On Kale

In my early 20s, I ate a lot of kale. It was a pretty trendy vegetable at the time, but I ate it predominantly because I was vegan. Kale is a superfood that is a good source of vitamins A, C, and K. Also, even though it’s a vegetable, it contains a relatively high amount of calcium!


Fast-forward to my mid-twenties, and I still love kale even though I no longer rely on it as an important source of calcium. I eat it at least a few times a week! Here are some of my favorite ways to eat it:

1) Sautéed 

I sauté thoroughly washed and dried kale with olive oil and garlic on medium to medium-high heat for several minutes. I add sea salt and red pepper flakes to taste and squeeze a lemon over it for some brightness. I got this “recipe” from eco-chef Louisa Shafia, whose book Lucid Food is pretty wonderful. (She has a great vegan pad thai recipe in there!)

2) Baked

There are kale chip recipes that call for temperatures as low as 200 F and as high as 400 F. In my experience, kale burns at 400 F, so I like to make kale chips at 300-350 F. I drizzle with olive oil and sprinkle with sea salt. I watch them pretty closely because they can burn so fast! I take them out of the oven when most of them are crisp, which usually takes about 10-15 minutes. I love to put nutritional yeast on these. Esin has been putting garlic powder on hers lately, and that’s pretty good too!


3) Raw 

This is my absolute favorite kale salad recipe. The dressing is delicious, but I think it’s optional because you’re already using EVOO and lemon juice while massaging the kale. Anyways, Sarah Britton of My New Roots also has another recipe for a kale salad that is wonderful; it has roasted butternut squash and fresh pomegranate in it—yum!


Saribudak-style Menemen

Menemen     I have so many fond memories of my dad making menemen for our family on weekend mornings. Menemen is a common Turkish “street food,” although I’ve actually never eaten it anywhere but home. When I would go out for breakfast in Turkey, it was always the more traditional, elaborate breakfast: hard-boiled eggs, tomatoes & cucumbers with EVOO, olives, white cheeses, sausages, and fresh bread.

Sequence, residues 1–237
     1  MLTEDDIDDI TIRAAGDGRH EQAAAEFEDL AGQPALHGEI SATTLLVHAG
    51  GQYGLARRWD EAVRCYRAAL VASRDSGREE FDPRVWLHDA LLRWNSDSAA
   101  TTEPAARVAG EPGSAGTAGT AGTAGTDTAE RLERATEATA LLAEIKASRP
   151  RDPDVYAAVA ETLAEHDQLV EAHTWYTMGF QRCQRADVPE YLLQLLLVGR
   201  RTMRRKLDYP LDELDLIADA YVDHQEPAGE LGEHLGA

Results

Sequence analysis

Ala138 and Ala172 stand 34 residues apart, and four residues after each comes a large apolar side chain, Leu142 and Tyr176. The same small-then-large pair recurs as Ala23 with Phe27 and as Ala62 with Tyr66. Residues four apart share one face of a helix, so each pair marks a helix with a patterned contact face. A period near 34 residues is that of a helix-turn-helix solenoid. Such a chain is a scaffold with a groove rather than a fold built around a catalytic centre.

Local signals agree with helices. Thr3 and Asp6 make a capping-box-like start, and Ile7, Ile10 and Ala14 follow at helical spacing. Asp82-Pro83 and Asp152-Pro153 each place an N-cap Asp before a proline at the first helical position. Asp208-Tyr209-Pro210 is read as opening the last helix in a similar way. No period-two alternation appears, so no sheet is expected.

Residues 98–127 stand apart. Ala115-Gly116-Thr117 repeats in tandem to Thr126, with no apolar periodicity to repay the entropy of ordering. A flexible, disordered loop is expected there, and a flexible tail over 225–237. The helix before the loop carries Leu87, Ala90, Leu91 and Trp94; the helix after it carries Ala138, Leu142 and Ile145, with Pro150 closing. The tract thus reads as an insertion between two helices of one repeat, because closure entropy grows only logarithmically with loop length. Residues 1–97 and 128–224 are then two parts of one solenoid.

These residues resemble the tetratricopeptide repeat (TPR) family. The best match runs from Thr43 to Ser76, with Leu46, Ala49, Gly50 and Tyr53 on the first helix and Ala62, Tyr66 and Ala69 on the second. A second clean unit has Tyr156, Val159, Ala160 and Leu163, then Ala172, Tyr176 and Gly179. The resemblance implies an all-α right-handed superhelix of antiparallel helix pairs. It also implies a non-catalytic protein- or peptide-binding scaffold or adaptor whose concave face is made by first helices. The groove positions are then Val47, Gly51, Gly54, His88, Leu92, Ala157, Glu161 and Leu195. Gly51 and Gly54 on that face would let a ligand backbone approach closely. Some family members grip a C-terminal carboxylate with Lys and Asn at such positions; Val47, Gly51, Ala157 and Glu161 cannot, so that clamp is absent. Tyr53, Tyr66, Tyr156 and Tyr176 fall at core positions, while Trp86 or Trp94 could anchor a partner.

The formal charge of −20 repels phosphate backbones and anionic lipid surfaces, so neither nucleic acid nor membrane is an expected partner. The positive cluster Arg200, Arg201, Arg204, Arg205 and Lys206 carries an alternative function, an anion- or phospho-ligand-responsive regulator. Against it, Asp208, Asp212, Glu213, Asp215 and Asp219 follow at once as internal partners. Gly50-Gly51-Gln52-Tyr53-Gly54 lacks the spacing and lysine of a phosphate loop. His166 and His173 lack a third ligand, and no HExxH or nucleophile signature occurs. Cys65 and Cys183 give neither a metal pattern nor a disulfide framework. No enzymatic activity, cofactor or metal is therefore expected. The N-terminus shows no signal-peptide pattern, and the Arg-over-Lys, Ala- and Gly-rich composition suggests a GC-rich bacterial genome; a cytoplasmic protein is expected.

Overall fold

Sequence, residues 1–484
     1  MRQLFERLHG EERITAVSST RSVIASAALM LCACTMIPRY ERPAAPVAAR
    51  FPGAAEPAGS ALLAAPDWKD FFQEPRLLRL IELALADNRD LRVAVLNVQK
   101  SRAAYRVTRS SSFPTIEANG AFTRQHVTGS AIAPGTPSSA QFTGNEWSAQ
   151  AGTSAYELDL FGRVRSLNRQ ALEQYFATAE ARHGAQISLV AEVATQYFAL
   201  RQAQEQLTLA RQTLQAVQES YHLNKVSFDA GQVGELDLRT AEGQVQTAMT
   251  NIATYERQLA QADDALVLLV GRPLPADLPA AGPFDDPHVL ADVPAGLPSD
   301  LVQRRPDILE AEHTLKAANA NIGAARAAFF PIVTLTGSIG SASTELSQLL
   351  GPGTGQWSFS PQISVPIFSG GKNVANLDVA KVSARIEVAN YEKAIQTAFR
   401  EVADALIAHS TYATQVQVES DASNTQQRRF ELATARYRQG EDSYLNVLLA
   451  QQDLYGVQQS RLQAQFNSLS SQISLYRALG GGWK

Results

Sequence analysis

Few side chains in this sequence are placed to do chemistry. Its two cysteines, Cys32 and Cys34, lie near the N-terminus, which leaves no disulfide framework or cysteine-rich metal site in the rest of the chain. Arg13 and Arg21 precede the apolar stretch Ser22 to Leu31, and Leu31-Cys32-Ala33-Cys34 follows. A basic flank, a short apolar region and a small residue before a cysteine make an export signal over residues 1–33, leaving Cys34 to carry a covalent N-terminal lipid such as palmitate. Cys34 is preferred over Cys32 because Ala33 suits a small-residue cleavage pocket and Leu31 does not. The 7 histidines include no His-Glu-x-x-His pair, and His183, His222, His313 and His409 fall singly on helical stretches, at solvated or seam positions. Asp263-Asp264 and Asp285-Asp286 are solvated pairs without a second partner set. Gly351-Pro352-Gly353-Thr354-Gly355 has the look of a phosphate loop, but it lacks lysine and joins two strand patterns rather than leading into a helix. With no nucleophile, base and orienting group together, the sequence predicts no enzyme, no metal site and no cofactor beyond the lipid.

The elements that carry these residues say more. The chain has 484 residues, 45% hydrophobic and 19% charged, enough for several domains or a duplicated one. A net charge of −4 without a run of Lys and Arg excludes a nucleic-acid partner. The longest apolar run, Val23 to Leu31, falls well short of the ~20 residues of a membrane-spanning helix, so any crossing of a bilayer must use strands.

Anyways, menemen is essentially scrambled eggs, but there are a few ingredients that are fairly necessary: onions, tomatoes, and peppers.

     For this menemen, we used:

  • A knob of butter & a drizzle of olive oil (Apparently the higher smoke point of regular olive oil keeps butter from burning!)
  • 4 eggs (Free range > cage free)
  • 2 large cloves of garlic
  • 1 large tomato (peeled if you like) 
  • 1/3 cup green bell pepper (I think it’s more traditional to use these long, thin green peppers that have more heat, but we used both garlic and black pepper, so there was a decent amount of spice.)
  • 1/3-1/2 cup onions (red or white)



Here are some steps because steps are helpful:

1) Mince garlic and chop/dice onions, peppers, and tomato. 

2) Heat butter and olive oil in a medium-sized non-stick pan over medium heat. 

3) Cook the garlic, onion, and green bell peppers with a covered lid, and occasionally mix with a spatula to keep anything from burning.

4) Add tomatoes and cook for another few minutes.

5) Crack eggs, whisk vigorously, and add to the pan. Lower the heat a bit. 

6) Scramble the eggs with spatula every few minutes until the mixture looks fairly well-cooked. Season with salt and black pepper.

We would often have menemen with a dish of black olives (with EVOO, a squeeze of lemon, and minced garlic) and also slices of baguette. You could also use most of the same ingredients and use drained and crumbled tofu to make this vegan!